Announcing new Java 11 OCP Books!

Jeanne and I are thrilled to announce that we are releasing Java 11 OCP books early next year. Yes, you heard that right, books plural, as in more than one! In fact, we’ll be releasing two new books, along with a complete set edition.

We’ll post links where you can preorder the books as soon as they are available!

These books have been carefully written and include the most important information you need to know for the Java 11 OCP exams. While we are quite proud of our Java 8 books, there’s a lot of new material required for the exams including modules, var, and custom annotations just to name a few.

If you’re thinking of taking the new exams prior to the books’ release, we recommend reading our posts detailing our experiences taking the exams:

In short, if you’re comparing the first exam (1Z0-815) to the older OCA 8 (1Z0-808) exam, don’t. They are quite different and the difficulty level has definitely been increased. We expect both books to be available in early 2020. In fact, we’re nearly done writing the first book already!

My Experience taking the new Java SE 11 Programmer I 1Z0-815 Exam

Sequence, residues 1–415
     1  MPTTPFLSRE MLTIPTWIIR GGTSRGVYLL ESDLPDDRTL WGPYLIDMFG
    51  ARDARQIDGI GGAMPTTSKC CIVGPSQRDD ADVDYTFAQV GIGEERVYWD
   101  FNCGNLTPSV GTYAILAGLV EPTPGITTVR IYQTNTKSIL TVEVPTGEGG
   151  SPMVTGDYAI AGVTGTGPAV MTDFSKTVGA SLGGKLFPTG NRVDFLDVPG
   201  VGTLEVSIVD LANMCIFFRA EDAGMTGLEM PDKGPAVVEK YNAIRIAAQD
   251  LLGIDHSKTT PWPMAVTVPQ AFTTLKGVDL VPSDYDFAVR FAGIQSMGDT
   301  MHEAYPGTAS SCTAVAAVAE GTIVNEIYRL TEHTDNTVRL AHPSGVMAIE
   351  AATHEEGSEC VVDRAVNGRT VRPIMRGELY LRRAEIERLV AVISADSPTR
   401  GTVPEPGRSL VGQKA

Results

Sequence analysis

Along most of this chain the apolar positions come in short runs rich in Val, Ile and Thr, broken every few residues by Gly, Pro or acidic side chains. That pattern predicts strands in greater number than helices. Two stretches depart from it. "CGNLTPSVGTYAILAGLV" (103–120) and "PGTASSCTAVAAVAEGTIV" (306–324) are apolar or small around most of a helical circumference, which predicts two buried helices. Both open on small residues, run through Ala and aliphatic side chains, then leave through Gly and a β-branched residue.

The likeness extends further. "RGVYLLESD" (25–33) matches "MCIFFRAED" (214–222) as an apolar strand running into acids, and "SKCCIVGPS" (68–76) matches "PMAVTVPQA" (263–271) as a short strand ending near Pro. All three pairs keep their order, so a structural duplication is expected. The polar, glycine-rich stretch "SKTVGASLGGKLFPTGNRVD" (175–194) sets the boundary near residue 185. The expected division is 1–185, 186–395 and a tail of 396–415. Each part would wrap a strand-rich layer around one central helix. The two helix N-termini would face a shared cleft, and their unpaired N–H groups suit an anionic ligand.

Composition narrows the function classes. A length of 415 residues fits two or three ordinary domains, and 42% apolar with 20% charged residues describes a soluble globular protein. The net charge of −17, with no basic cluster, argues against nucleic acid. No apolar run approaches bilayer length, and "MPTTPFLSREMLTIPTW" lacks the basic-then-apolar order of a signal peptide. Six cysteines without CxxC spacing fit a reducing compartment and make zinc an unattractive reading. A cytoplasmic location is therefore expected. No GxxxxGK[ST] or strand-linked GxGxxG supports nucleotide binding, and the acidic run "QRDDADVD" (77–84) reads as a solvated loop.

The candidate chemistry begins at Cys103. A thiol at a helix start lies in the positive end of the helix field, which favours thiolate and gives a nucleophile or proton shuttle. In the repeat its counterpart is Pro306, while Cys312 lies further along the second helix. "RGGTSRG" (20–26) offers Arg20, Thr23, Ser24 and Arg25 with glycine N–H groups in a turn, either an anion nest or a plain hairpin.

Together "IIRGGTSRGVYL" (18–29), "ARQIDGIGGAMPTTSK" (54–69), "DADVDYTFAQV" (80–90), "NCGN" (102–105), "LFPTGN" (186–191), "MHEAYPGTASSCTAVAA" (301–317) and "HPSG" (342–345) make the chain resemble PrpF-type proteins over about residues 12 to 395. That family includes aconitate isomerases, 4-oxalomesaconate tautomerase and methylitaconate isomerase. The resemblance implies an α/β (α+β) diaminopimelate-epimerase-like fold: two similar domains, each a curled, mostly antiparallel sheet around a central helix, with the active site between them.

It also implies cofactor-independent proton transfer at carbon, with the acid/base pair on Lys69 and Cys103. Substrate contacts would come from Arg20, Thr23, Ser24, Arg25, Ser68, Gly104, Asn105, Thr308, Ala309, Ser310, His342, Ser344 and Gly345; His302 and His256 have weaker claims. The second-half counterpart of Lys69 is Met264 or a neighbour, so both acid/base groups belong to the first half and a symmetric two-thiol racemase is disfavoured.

One day after Oracle announced the new Oracle Certified Professional: Java 11 Developer certification, I decided to jump in and take the first of two exams! As an author of a best-selling Java certification series, how hard could it be I thought? In short… very! I did pass, but it was very different from what I imagined it would be.

Certification Changes

On the surface, the new Java 11 Programmer I (1Z0-815) and Java 11 Programmer II (1Z0-816) exams appear to be loosely based on the original OCA 8 (1Z0-808) and OCP 8 (1Z0-809) exams. I say loosely, because glancing at the objectives would lead you to believe they might be the same exams. They are decidedly not! More on that in a minute. One major change to the structure, though, is that the Oracle Certified Associate title no longer exists. Completing either exam does not grant you any certification title, and you must complete both Programmer I and Programmer II exams (in any order) to be an Oracle Certified Professional 11. There is also a single Java 11 OCP Upgrade (1Z0-817) exam for holders of a Java 6/7/8 OCP certification. Each of the three new exams are listed at $245 US. Unlike previous Java exams, there is no discounted beta exam, or beta exam of any kind, for the new Java SE 11 exams.

Neither Jeanne nor I have taken the Programmer II exam yet, so the rest of this post will be about my personal experience with the new Programmer I exam.